Then Harry Schell, who had qualified eleventh was, overnight, mysteriously ‘given’ third, allegedly by dint of a fast lap right at the end of qualifying… which nobody had noticed… Ferrari led protests from most of the other teams, because Brooks had been demoted to fourth, and pushed back to the second row. Apparently the shouting continued even through The Star-Spangled Banner, after which Schell started from third. It was later alleged that Schell, unseen, had taken a short-cut and recorded a time six seconds faster. Even so, a brief check of the Sebring map shows that the claimed short-cut could have taken almost a minute off the time… suggesting that Schell’s ‘deception’ was a scape-goat for the officials. ‘You might think that. I couldn’t possibly comment.’

Moss led away from Pole but after five laps (just after Schell’s clutch packed up…) his season-long Collotti gearbox-bug struck again, and Brabham took over. Poor Brooks, in the wrong place on the grid, was hit from behind by his own teammate, von Trips, in the first turn (This practice is not just a contemporary phenomenon), stopped to check for damage, and worked his way back to fourth, but behind the three Coopers of Brabham, McLaren and Trintignant.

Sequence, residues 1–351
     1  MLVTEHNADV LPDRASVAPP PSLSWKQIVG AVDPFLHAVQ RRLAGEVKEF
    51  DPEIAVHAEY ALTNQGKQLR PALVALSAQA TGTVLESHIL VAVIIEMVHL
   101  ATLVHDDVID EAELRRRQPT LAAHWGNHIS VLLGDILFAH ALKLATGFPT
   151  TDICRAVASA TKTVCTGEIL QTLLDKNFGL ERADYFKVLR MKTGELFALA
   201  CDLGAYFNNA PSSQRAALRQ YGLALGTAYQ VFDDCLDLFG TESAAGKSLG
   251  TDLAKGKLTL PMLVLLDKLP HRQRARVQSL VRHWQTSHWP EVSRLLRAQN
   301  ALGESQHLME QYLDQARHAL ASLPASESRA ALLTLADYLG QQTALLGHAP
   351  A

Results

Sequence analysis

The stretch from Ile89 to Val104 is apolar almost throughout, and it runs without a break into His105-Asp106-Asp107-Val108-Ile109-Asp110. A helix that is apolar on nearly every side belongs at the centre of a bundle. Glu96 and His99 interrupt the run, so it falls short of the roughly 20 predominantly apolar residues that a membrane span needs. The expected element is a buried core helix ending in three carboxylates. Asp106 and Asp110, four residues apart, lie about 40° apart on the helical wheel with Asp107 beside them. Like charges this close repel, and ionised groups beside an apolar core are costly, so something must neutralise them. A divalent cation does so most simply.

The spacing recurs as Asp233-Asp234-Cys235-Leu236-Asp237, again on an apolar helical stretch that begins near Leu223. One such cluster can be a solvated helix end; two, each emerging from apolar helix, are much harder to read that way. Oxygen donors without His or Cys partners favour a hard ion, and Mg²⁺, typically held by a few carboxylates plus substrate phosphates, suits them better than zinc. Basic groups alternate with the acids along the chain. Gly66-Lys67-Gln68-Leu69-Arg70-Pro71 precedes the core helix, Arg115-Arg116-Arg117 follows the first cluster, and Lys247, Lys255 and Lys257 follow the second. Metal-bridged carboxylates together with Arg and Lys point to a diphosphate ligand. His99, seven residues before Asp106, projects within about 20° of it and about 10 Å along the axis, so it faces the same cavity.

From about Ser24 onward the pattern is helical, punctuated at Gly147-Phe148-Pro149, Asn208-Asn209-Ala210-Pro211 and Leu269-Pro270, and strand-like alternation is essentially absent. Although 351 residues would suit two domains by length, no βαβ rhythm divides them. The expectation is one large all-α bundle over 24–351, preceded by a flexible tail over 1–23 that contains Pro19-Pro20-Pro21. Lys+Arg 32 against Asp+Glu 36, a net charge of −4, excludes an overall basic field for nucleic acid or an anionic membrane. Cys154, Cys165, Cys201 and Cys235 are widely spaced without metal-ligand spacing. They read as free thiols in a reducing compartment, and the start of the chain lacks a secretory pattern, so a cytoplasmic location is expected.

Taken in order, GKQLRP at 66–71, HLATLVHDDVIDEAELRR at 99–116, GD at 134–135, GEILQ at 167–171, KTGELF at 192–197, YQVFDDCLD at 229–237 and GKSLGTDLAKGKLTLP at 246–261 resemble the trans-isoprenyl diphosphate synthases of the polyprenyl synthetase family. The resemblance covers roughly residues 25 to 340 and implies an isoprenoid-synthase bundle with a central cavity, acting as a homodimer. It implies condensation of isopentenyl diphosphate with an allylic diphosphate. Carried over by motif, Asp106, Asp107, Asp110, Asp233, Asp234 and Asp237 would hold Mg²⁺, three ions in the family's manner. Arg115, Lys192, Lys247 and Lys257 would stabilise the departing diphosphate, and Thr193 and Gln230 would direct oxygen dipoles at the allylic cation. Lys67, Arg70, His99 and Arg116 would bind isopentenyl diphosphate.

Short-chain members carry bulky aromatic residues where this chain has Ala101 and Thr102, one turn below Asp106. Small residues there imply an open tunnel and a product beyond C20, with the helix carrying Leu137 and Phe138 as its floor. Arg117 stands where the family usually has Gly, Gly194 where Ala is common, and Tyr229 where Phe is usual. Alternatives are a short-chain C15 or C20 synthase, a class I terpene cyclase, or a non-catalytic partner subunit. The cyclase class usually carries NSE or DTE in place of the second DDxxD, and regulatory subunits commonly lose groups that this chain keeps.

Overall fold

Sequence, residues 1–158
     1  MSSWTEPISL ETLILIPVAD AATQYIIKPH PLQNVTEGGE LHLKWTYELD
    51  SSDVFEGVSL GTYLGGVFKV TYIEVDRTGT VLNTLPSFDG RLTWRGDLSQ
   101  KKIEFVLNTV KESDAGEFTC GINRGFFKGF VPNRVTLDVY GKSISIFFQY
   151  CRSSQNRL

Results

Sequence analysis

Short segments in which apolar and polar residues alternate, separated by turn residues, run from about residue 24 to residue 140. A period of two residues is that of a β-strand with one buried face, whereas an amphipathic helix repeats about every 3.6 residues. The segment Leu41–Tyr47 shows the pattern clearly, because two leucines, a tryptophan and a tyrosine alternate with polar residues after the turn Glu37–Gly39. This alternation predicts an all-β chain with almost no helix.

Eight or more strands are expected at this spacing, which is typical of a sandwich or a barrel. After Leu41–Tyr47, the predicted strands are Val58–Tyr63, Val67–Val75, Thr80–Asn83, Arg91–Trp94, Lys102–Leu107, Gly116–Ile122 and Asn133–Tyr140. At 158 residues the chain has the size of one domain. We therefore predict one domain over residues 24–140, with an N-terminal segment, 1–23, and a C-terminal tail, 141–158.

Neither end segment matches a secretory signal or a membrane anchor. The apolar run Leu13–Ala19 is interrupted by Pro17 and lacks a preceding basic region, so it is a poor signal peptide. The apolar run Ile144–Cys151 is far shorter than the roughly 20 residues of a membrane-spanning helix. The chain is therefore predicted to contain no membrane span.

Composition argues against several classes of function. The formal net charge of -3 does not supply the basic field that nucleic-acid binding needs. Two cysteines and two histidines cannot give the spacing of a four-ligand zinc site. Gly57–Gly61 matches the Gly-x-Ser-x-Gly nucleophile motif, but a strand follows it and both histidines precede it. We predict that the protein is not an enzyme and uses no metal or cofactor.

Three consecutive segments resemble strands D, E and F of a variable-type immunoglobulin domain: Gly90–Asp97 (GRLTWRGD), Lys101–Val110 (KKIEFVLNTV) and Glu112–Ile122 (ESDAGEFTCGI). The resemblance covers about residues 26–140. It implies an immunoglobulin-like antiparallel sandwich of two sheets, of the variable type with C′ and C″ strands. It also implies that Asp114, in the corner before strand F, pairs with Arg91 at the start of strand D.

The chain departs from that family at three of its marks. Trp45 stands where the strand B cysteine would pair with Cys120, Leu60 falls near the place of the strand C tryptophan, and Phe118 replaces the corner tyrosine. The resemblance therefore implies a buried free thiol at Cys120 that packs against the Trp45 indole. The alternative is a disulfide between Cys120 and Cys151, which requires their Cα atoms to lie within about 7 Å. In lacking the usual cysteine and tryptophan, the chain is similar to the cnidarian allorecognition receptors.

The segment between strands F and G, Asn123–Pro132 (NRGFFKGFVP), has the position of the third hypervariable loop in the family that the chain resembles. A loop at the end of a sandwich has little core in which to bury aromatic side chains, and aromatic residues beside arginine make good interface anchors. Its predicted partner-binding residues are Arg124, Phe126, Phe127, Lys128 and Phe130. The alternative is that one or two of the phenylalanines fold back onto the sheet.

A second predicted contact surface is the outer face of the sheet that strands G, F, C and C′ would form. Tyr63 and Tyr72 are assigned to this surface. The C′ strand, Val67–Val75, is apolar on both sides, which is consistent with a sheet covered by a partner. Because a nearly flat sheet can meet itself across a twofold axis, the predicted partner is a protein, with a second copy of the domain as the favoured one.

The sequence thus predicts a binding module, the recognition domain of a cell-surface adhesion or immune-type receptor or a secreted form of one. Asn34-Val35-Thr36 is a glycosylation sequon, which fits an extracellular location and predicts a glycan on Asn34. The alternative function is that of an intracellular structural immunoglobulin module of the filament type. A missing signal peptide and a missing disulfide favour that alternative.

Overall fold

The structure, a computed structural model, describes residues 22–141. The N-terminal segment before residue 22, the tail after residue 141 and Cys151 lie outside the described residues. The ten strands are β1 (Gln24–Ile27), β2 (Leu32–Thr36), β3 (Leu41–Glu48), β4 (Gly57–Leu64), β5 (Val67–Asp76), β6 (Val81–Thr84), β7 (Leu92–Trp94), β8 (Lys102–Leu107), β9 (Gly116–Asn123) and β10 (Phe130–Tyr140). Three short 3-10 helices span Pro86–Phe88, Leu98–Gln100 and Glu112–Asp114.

But Lady Luck was as fickle as ever and now took pity on Brooks. As Brabham came to within 400 yards of the finish, having dominated the race for all but the first five laps, he ran out of fuel. As McLaren slowed, perhaps thinking of exchanging cars, Brabham frantically waved him on and he became the youngest GP winner, at 22 – it would be forty years before that record was broken. Brooks took third, behind Trintignant, but it was never going to be enough – although he lost two minutes in the pits he was three minutes behind at the end. Brabham, unable to give up, and not knowing the result, pushed his Cooper up the slope to the finish, and collapsed…